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(Francisco Kjolseth | Tribune file photo) Former Sen. Bob Bennett, right, speaks at The Hinckley Institute of Politics during a Civility in American Politics forum. The three-term senator will soon have his two-year lobbying ban lifted and fully intends to begin pressing the flesh with his former colleagues on Capitol Hill.
Former Utah senator Bob Bennett will return to Capitol as lobbyist
Politics » Bennett says 2-year ban is a worthless, punitive restriction on free-speech rights.
First Published Dec 24 2012 01:01 am • Last Updated Apr 08 2013 11:33 pm

Washington • In just days, former Utah Sen. Bob Bennett will emerge from what he considers political jail and have restored to him the full legal right to engage with friends remaining in office.

A new Congress willbesworn in Jan. 3 and Bennett’s two-year cooling-off period will come to an end. That afternoon he’ll be able to register as a federal lobbyist and he intendsto do so.

At a glance

Lucre of lobbying

Arent Fox’s lobbying practice brings in more than $2 million annually, money that is in addition to its consulting and legal business. Former Rep. Jim Hansen, R-Utah, has a lobbying organization that netted more than $200,000 in 2011 for his work on behalf of energy and recycling companies.

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"Lobbying is a constitutionally sanctioned activity, right in the First Amendment next to the freedom of the press," said Bennett, a former three-term Republican, referring to the right to petition the government for redress of grievances. "I don’t see any reason why I shouldn’t exercise my constitutional rights."

When Bennett left office in early 2011 he said he had no plans to register as a lobbyist, instead preferring to act as a consultant. He set up Bennett Consulting Group, staffed by former aides, and he joined Arent Fox, a mega-law firm that also has a lobbying practice.

In this role, he has offered strategic advice to companies, universities and state governments, but could not interact with government officials.

He’s chaffed under the restriction and finds it rather insulting that any cooling-off period is in place.

"As a practical matter, is the republic in danger if a former member calls one of his colleagues and says, ‘Will you please take a meeting from one of my clients?’ " Bennett said. "As opposed to having the client call and say ‘I’m here because Senator Bennett recommended that you were the person I should talk to about this.’"

The former senator calls the two-year ban a "really bad idea" and part of the "let’s-punish-politicians-for-being-politicians attitude."

He said pro-athletes can retire and immediately become commentators and coaches. He said U.S. attorneys can leave their jobs and join a firm defending people against prosecutors that used to work under him or her. He thinks politicians should be able to become lobbyistsimmediately upon leaving office.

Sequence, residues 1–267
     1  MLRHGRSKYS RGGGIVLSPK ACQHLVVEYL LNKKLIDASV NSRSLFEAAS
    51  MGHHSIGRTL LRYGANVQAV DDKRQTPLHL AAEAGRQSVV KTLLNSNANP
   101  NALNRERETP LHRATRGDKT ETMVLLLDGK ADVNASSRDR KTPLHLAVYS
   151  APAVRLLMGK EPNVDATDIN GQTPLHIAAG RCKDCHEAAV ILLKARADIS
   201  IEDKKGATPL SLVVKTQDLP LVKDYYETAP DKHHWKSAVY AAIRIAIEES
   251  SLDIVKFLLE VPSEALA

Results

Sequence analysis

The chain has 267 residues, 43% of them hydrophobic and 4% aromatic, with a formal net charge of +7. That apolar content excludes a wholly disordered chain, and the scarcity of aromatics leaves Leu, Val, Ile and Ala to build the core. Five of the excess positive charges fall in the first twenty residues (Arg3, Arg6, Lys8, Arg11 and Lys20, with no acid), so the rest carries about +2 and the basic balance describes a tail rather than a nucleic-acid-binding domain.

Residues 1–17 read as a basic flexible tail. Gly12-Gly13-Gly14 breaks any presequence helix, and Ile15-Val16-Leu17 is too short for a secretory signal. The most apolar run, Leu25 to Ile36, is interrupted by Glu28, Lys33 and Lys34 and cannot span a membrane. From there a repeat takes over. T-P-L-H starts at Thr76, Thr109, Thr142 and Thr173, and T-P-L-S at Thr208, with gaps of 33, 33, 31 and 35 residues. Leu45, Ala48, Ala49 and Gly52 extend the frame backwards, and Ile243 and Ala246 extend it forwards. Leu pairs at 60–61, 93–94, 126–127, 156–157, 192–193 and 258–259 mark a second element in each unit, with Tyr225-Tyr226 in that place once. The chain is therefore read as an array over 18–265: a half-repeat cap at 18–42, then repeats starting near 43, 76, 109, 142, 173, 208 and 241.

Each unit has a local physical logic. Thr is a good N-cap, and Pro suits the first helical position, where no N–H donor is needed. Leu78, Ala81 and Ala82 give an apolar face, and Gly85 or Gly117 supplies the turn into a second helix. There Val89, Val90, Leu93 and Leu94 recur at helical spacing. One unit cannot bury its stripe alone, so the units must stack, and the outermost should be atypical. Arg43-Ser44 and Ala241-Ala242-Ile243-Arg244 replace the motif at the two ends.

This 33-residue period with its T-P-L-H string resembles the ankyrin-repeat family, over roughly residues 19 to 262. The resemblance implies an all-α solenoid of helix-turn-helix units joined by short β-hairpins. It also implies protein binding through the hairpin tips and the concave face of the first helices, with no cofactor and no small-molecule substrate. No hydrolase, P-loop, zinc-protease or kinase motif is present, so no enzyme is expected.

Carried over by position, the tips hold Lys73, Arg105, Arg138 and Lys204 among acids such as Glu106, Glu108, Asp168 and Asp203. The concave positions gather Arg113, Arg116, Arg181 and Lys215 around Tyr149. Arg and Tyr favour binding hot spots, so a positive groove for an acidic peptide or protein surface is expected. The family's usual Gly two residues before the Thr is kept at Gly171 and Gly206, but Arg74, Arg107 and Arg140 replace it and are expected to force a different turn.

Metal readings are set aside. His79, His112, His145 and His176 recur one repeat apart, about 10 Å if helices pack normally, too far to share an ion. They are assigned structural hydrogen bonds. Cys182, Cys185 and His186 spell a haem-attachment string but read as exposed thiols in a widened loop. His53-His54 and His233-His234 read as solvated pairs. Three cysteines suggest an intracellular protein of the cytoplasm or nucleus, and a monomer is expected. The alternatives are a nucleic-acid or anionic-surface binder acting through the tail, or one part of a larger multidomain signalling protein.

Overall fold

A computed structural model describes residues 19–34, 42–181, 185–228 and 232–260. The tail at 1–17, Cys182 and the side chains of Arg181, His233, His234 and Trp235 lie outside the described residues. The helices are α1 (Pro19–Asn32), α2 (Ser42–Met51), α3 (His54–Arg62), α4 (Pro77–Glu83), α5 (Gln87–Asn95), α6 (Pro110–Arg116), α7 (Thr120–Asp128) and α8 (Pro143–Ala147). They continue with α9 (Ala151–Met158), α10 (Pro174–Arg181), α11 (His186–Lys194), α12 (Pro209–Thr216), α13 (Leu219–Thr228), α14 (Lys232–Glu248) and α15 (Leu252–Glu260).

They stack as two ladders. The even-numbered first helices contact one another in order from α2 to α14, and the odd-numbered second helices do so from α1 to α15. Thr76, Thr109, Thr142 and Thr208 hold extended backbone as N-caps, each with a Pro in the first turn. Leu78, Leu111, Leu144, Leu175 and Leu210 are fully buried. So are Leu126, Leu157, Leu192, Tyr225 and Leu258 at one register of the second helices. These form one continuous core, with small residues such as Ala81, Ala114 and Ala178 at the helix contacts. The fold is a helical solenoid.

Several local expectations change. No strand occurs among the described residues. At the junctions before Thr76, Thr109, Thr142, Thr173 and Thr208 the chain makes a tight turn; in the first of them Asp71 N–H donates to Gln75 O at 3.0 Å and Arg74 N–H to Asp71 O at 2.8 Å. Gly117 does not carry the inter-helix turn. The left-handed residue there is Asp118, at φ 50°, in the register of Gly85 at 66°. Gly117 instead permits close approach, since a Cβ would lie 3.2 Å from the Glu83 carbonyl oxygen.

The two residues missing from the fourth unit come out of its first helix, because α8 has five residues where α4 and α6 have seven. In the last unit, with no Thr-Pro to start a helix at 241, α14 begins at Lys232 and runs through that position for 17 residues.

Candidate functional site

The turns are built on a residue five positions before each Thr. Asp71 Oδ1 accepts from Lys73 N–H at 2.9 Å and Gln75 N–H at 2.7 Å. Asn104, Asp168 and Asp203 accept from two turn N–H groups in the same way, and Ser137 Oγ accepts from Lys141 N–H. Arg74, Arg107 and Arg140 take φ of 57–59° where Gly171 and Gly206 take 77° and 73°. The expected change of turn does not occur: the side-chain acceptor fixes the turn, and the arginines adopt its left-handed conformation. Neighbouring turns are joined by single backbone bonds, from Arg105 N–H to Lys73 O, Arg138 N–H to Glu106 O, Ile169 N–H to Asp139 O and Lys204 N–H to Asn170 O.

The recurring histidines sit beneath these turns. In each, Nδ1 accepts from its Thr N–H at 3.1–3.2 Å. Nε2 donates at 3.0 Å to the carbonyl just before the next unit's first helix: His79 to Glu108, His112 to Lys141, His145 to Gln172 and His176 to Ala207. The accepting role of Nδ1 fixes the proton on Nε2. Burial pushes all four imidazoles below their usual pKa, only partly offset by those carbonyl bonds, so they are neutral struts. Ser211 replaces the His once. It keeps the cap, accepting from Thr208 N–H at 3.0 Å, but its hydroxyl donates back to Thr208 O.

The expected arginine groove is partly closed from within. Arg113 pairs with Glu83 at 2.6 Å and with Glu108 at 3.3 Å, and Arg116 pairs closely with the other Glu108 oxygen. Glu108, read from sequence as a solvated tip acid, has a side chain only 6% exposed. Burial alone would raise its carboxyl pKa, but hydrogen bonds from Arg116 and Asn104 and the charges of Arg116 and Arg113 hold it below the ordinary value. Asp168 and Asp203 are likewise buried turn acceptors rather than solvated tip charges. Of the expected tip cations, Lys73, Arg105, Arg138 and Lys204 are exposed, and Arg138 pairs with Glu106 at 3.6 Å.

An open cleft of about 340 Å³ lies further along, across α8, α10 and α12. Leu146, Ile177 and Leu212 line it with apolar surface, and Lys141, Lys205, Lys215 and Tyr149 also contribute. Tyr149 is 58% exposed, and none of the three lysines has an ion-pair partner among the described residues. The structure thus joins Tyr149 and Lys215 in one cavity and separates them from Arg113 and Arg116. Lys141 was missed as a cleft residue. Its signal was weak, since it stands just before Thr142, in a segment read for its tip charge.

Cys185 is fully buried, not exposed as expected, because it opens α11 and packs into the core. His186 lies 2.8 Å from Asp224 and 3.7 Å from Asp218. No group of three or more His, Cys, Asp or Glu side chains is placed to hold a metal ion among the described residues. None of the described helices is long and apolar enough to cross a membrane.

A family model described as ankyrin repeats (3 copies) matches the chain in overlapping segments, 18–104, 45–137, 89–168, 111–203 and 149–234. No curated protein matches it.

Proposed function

"Even if there aren’t strong enough ethics restrictions for other classes of people, that is no argument for releasing all ethics restrictions on members of Congress," said Craig Holman, a lobbyist for the watchdog group Public Citizen, who argues the cooling-off period is too lax, not too restrictive.

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He says temporarily stopping former politicians from contacting members of Congress is not enough. He believes they should be prohibited from offering legislative strategy to clients as well.

"Right now it is little more than a halfway house when it comes to influence peddling," Holman said.

Congress instituted cooling-off periods as a way to minimize the special access politicians-turned-lobbyists have in Washington, although there hasn’t been any slowdown in the number of former lawmakers who enter the revolving door and take a job with K Street firms. Bennett, after his defeat by Mike Lee, was one of 25 lawmakers who left office in 2011 and took jobs with lobbying shops, according to the Center for Responsive Politics.

House members have a one-year cooling-off period, half that applied to senators.

Bennett says the public overestimates the influence former politicians have on policy. While he may be able to set up meetings with his one-time-colleagues, he says hecan’t get special treatment.

"The whole notion that there is somehow inappropriate influence is a myth," Bennett said.

But Holman’s problem with the revolving door is two-fold. It incentivizes sitting lawmakers to take actions that may lead to a highly-paid lobbying job and it disproportionately benefits corporations and the wealthy over public interest groups.

"They are essentially selling their Rolodex, a resource no one else has," said Holman. "Their connections to members of Congress go to the highest bidder."

Bennett Group, staffed by his former Senate and campaign aides, represents clients that include Southern Utah University, the Utah Department of Transportation, JP Morgan Chase and the Financial Services Forum. Bennett doesn’t expect that his ability to directly lobby will bring new clients and he doesn’t expect to be the point person on any of these accounts.

He does plan to be involved at his own firm and Arent Fox when needed. The flexibility is one of the things he has enjoyed most since leaving the Senate.

"There is a freedom that comes with heading your own team as opposed to being part of another team," he said. "And the pay is better."

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